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AJR Am J Roentgenol. 2012 Jan;198(1):124-32. doi: 10.2214/AJR.10.5713.

Secretin-enhanced MRCP: review of technique and application with proposal for quantification of exocrine function.

Author information

1
Imaging Institute, Cleveland Clinic, HB6, 9500 Euclid Ave, Cleveland, OH 44195, USA. sanyalr@ccf.org

Abstract

OBJECTIVE:

The purpose of this article is to present a proposal for quantification of exocrine function using secretin-enhanced MRCP for the diagnosis of chronic pancreatitis. The article also reviews the technique and application of secretin-enhanced MRCP in evaluating various pancreatic abnormalities.

SUBJECTS AND METHODS:

One hundred thirty-four consecutive patients with chronic abdominal pain undergoing secretin-enhanced MRCP for suspected chronic pancreatitis were included. Patients were divided into four clinical groups (normal, equivocal, early chronic pancreatitis, established pancreatitis) on the basis of clinical symptoms and additional investigations, including CT (n=98), endoscopic pancreatic function test (n=65), endoscopic ultrasound (n=84), and ERCP (n=36). The volume of secretion was obtained by drawing a region of interest around T2 bright fluid secreted on postsecretin HASTE images. The maximal rate of secretion in response to secretin was obtained by plotting change in signal intensity on sequential postsecretin images. The analysis of variance test was used to compare the clinical groups with the volume and rate of secretion.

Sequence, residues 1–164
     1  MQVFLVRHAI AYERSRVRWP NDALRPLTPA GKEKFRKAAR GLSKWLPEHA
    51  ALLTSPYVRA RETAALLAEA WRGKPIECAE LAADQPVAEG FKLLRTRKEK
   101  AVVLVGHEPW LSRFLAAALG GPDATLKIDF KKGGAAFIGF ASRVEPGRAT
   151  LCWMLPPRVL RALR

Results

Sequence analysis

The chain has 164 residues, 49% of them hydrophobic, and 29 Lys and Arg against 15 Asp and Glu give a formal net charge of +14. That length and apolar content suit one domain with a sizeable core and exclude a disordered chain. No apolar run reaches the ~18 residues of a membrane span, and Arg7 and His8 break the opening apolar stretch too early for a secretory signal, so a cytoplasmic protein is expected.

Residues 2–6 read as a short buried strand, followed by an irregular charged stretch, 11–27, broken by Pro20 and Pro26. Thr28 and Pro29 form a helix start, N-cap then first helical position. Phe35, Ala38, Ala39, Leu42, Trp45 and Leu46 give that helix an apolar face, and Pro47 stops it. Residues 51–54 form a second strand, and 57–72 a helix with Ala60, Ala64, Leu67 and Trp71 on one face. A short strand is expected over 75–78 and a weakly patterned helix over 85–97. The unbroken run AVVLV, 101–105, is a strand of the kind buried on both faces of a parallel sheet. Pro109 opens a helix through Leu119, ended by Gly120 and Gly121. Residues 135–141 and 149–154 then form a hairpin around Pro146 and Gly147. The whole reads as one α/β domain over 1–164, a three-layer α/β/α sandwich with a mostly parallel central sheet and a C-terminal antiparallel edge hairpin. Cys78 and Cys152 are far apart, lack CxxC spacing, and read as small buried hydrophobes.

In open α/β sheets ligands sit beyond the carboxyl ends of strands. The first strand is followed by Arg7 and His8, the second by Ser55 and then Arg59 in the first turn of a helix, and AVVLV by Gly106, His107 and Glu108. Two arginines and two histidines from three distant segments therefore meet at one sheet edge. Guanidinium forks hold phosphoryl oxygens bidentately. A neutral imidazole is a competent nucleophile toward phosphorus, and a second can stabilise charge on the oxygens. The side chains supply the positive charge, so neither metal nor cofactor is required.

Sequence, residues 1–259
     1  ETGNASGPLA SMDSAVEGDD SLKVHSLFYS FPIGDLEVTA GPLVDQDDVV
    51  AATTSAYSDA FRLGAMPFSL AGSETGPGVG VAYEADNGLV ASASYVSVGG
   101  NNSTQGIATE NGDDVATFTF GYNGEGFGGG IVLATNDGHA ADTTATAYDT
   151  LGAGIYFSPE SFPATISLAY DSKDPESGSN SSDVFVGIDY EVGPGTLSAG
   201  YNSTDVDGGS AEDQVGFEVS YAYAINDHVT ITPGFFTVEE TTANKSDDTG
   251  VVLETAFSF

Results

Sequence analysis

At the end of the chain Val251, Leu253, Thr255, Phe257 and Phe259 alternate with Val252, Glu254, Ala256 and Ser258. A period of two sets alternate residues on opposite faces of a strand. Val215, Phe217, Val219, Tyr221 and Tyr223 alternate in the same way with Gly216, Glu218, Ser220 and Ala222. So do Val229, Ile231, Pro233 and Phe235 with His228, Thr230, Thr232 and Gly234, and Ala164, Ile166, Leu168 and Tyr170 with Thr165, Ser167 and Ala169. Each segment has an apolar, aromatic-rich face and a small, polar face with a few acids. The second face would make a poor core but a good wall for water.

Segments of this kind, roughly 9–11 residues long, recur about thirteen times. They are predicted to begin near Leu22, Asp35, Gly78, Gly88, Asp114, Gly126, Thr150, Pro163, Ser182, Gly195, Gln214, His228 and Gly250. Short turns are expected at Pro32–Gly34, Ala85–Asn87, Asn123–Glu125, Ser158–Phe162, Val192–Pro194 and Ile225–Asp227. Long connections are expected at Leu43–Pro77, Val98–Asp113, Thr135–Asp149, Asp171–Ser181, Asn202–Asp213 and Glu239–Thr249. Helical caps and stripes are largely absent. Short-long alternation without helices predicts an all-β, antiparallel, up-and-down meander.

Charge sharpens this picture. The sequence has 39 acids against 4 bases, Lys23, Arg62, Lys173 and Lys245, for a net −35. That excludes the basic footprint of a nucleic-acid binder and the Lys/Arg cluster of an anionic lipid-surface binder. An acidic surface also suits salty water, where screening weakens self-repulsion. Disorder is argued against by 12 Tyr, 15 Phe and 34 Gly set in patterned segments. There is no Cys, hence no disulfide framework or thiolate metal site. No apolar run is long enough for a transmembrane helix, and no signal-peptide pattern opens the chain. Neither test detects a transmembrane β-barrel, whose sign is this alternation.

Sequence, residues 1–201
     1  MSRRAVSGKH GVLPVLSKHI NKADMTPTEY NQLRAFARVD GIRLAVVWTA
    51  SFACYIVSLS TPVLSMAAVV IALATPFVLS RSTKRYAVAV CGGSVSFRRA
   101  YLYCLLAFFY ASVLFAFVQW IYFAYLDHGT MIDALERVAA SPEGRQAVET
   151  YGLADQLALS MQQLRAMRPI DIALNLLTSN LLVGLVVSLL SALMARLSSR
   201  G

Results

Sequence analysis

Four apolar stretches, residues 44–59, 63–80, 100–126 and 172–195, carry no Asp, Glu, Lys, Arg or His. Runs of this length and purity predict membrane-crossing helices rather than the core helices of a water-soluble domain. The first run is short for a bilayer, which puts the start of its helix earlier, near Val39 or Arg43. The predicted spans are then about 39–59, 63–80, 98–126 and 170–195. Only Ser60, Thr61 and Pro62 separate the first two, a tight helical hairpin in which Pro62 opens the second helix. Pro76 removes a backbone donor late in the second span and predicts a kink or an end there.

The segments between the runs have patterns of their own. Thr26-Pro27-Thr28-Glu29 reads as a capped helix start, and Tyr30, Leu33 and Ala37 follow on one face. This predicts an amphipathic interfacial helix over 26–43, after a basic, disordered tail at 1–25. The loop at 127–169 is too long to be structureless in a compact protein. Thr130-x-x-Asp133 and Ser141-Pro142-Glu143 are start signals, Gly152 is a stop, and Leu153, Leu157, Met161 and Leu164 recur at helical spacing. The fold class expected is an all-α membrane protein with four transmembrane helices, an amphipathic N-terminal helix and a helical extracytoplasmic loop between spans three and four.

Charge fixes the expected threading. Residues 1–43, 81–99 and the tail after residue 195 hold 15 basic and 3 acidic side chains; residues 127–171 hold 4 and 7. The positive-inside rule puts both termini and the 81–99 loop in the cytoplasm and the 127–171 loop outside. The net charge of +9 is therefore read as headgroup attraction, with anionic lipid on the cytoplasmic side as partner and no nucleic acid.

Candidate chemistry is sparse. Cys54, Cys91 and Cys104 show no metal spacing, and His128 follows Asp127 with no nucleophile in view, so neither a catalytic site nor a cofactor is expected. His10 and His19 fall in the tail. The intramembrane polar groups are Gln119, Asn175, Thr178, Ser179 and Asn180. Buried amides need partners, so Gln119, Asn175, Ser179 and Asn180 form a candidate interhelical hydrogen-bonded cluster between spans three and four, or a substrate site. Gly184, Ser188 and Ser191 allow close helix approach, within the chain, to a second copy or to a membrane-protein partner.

RESULTS:

Significant volume differences were found between the normal and established pancreatitis groups (p<0.0001) as well as the equivocal and established pancreatitis groups (p<0.0005). Marginally significant differences were found between the normal and early pancreatitis groups (p=0.0150) as well as early and established pancreatitis groups (p=0.0351). Differences in the maximal rate of secretion were not statistically significant.

CONCLUSION:

Secretory volume measurement of secretin-enhanced MRCP data is a simple method that brings out significant differences between normal, early, and established pancreatitis patients.

PMID:
22194487
DOI:
10.2214/AJR.10.5713
[Indexed for MEDLINE]

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